PHOENIX-- --America used to love the New England Patriots. Now that they are on the doorstep of perfection and the cusp of a fourth Super Bowl title, America is consumed by them again - but this time, by the burning desire to see them lose.
You don't have to go far anywhere in the country, outside of New England, to find fans who will be rooting passionately for the New York Giants on Sunday. Not because they're Giants fans, but because, for one reason or another, they can't stand the Patriots.
This shift in loyalty is downright seismic. Not even a full year ago, the Patriots were still as beloved as they were on the night of Feb. 3, 2002. That was when they took the Louisiana Superdome field for the Super Bowl, against the prohibitive favorite St. Louis Rams, less than five months after Sept. 11, and instantly stole the hearts of the viewers by being introduced not individually, but as a team.
By night's end, after Tom Brady's dramatic final drive, Adam Vinatieri's game-winning field goal at the final gun and the shock of the emotion-drenched upset, the Patriots could have been elected presidents, as a team.
Now? From letters to newspapers to talk-radio callers to message-board posters to blog-site contributors, the public's surge against the Patriots has steadily grown, well beyond the power of its detractors - current and former players and coaches who appreciate the accomplishment and Patriots faithful defending their team - to stem the flow.
"Not often do you see a team really get it together and do everything right," said Brian Mitchell, who starred for the Washington Redskins team that won the Super Bowl after the 1991 season and now co-hosts a radio show in D.C. "I would love to see it. A lot of people want to go against it because of the Spygate stuff, but let's face it: Do you think the Patriots are the only ones that have filmed the sidelines?"
As for the early stretch of the season when the Patriots kept trying to score in games they eventually won 52-7 and 56-10, Mitchell said: "The first thing I learned in football was that the other team's job is to stop you; it's not your job to stop yourself. They just tried to maximize everything from their offense. ... I'm cheering for them because you can't stop them."
Mitchell, though, pinpointed exactly why the team has become the New England Hate-triots.
There was the spying, first of all, which branched into other fields on which fans could sow their bitterness. The guilty coach, Bill Belichick, and his refusal to address or acknowledge his act, was left with a Nixonian sheen. Many also thought the NFL took it easy on the Patriots with its punishment and its quick destruction of evidence that was turned over to the league.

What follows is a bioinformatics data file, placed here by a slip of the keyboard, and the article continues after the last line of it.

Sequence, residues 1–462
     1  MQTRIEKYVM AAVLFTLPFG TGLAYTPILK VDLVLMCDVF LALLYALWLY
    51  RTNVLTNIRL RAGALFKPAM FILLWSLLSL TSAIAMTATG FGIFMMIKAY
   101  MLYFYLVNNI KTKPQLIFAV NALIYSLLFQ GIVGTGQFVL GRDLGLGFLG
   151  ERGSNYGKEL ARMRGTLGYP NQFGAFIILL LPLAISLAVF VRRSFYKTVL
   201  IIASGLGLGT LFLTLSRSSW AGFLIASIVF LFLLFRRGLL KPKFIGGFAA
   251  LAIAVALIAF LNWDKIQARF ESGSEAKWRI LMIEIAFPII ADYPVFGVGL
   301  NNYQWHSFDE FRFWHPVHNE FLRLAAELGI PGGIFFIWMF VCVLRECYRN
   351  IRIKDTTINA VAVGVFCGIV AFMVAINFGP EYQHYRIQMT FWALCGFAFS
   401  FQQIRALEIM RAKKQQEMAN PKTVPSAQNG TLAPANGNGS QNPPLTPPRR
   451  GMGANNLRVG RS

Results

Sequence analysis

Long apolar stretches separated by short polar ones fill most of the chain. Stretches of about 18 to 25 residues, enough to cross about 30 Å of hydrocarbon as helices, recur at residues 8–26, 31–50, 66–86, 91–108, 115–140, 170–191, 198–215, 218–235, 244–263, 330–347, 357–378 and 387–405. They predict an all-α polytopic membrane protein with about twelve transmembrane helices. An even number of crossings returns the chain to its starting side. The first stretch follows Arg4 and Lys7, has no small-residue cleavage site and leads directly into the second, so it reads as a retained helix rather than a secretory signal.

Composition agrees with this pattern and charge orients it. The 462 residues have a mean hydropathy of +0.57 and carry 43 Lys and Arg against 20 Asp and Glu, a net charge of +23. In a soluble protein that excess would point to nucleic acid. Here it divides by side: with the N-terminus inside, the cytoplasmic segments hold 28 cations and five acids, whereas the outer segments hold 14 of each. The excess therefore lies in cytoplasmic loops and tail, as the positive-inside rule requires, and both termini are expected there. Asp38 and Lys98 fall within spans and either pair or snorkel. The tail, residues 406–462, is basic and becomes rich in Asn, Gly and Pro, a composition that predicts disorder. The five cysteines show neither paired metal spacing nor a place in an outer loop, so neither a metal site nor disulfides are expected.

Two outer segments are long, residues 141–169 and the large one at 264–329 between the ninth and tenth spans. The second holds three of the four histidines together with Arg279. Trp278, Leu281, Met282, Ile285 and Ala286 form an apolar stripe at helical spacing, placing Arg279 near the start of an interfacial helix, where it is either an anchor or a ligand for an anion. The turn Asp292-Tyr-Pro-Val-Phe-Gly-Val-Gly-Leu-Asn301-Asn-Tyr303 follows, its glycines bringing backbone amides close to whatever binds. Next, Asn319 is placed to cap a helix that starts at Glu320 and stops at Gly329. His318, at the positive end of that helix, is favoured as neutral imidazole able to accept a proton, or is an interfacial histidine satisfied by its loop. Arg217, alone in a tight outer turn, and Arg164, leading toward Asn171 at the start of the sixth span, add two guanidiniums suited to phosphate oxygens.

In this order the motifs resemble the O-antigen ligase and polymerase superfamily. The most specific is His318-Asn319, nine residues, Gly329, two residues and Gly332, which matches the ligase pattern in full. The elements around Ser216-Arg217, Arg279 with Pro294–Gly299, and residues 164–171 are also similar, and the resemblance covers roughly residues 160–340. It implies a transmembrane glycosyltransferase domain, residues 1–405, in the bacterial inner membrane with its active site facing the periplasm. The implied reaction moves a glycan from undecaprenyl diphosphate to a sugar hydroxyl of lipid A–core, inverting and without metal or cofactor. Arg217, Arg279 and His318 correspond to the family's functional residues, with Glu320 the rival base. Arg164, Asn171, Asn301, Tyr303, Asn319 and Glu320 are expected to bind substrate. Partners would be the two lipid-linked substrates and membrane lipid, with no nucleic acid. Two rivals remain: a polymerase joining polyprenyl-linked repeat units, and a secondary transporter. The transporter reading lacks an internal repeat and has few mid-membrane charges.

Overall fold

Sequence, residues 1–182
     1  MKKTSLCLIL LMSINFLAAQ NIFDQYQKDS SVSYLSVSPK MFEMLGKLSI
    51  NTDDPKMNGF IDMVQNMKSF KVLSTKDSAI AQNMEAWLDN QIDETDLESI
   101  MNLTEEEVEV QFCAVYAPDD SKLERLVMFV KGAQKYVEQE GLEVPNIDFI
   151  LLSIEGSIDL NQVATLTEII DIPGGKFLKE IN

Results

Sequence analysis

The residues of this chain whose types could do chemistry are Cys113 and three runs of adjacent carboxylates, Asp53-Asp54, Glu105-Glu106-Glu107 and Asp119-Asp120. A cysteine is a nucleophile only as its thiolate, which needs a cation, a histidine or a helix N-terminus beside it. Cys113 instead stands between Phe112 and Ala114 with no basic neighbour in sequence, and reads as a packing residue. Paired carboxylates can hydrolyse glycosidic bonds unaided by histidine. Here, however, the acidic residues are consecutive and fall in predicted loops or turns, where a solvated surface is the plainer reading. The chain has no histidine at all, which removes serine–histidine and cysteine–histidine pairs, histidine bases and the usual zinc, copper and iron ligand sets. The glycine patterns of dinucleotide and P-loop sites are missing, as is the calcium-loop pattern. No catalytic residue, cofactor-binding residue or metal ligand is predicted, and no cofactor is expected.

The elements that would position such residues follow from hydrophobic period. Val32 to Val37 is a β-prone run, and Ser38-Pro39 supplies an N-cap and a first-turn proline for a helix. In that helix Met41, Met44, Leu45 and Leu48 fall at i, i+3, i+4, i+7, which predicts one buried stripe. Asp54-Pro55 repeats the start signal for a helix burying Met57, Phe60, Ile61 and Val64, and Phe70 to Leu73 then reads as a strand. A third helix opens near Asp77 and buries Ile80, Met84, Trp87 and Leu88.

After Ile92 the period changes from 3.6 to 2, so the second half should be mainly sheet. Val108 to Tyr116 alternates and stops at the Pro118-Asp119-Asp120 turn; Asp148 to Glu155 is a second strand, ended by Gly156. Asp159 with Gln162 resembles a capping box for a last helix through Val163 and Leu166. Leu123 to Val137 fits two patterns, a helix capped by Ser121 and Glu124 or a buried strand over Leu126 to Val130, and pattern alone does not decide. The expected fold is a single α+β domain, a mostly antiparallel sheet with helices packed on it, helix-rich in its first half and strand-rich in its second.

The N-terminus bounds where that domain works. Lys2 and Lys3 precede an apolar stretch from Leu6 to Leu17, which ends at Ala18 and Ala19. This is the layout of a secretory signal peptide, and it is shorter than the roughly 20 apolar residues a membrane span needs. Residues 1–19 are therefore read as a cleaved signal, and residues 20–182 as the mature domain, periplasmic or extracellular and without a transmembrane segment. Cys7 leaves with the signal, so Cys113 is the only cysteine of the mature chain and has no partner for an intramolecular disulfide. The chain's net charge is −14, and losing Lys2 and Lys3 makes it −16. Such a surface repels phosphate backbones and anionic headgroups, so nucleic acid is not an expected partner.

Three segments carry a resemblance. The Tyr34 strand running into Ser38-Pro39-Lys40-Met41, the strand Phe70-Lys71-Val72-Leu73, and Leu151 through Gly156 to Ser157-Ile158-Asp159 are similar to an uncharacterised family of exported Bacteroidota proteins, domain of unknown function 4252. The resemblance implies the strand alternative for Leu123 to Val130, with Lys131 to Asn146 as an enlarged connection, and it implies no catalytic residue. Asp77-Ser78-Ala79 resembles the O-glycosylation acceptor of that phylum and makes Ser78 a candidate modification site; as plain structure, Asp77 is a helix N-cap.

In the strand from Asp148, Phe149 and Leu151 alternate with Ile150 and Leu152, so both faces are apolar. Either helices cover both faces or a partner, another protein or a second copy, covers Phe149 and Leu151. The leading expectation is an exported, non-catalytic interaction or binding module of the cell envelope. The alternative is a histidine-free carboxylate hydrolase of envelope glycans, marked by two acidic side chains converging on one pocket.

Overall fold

Then came the Patriots' reaction to it - to try to crush every opponent in their path, without mercy or impunity. It was the polar opposite of the style in which they had won their previous three Super Bowls, when they found contributions from unexpected sources and rode their blue-collar ethic and former sixth-round-pick quarterback to narrow victory.
By midseason, the organization once hailed as a paragon of ego-free, team-first efficiency, the ideal all others should follow, was looked upon as insufferably arrogant, secretive, paranoid and reclusive. The result was a nation sharply divided on what otherwise would have been a coronation.
Ratings for late-season games skyrocketed - the game in Baltimore on Dec. 3, in which the Patriots narrowly escaped, 27-24, was the most-watched program in the history of cable television - as fans were either hoping the Patriots kept it up or got taken down.
The fact that they have now become tabloid fodder, with the intense focus on Brady's foot and love life, has created new sources of venom.
Most of the season, the Patriots have relished their role as villains. But even they recognize that at one basic level, things are different.
"I wasn't used to 52-7 or 52-14 or anything like that," linebacker Tedy Bruschi said when the team arrived in Arizona on Sunday. "What I've been used to my entire career are the games we've been experiencing the last two months. That's what I'm used to - to have to grit your teeth and win in the fourth quarter. That's what I think this football team is all about."
That team, in many minds, no longer exists. It has been replaced by a team everybody now loves to hate.
Listen to David Steele on Tuesdays at 9 a.m. on WNST (1570 AM).